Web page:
Non-limiting and non-exhaustive embodiments of the present invention are described with reference to the following figures, wherein like reference numerals refer to like parts throughout the various views unless otherwise specified.

FIG. 1 is a block diagram of a system that can implement an embodiment of the invention.

FIG. 2 is a schematic diagram of an example pull-up circuit that can be used in the system of FIG. 1.

FIG. 3 is a schematic diagram of a pull-up circuit that can be used in the system of FIG. 1 according to an embodiment of the invention.

DETAILED DESCRIPTION OF THE ILLUSTRATED EMBODIMENTS

Embodiments of an apparatus and method for linear on-die termination, such as in an open drain bus architecture (ODBA) system, are described herein. In the following description, numerous specific details are given to provide a thorough understanding of embodiments of the invention. One skilled in the relevant art will recognize, however, that the invention can be practiced without one or more of the specific details, or with other methods, components, materials, etc. In other instances, well-known structures, materials, or operations are not shown or described in detail to avoid obscuring aspects of the invention.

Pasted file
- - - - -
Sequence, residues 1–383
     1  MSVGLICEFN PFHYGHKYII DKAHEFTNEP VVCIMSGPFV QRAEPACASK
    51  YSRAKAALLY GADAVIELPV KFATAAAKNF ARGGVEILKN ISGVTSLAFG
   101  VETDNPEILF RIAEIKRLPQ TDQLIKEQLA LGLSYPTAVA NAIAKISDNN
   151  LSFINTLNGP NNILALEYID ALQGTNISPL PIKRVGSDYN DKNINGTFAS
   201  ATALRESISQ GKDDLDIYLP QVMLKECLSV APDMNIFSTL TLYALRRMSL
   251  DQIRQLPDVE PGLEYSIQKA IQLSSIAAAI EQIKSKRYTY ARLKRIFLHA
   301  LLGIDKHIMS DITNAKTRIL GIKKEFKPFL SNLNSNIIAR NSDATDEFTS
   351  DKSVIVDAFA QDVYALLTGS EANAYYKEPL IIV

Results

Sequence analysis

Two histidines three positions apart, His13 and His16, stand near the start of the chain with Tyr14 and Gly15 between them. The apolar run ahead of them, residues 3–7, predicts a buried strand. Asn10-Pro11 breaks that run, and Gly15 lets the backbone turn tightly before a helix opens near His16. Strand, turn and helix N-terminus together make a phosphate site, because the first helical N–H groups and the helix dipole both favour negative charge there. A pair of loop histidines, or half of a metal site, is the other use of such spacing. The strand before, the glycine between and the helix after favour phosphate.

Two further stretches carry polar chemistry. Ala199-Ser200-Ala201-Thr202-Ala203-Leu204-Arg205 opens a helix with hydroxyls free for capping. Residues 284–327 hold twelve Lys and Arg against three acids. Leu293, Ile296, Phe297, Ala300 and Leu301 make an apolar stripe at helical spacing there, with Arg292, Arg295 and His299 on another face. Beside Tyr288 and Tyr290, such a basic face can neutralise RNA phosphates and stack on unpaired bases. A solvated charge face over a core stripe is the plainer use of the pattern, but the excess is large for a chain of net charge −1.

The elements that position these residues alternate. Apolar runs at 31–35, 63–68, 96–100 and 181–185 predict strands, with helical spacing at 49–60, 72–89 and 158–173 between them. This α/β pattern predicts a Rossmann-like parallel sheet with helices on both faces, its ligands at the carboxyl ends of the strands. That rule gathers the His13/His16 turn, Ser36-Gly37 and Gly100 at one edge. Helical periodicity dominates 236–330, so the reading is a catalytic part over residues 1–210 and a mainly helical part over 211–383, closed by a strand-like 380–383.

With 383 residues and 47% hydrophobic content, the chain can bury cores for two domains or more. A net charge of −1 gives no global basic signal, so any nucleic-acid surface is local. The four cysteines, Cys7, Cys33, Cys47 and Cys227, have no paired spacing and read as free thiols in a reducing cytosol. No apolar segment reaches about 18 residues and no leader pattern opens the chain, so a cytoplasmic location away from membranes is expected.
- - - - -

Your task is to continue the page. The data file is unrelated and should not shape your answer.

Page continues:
Reference throughout this specification to “one embodiment” or “an embodiment” means that a particular feature, structure, or characteristic described in connection with the embodiment is included in at least one embodiment of the present invention. Thus, the appearances of the phrases “in one embodiment” or “in an embodiment” in various places throughout this specification are not necessarily all referring to the same embodiment. Furthermore, the particular features, structures, or characteristics may be combined in any suitable manner in one or more embodiments.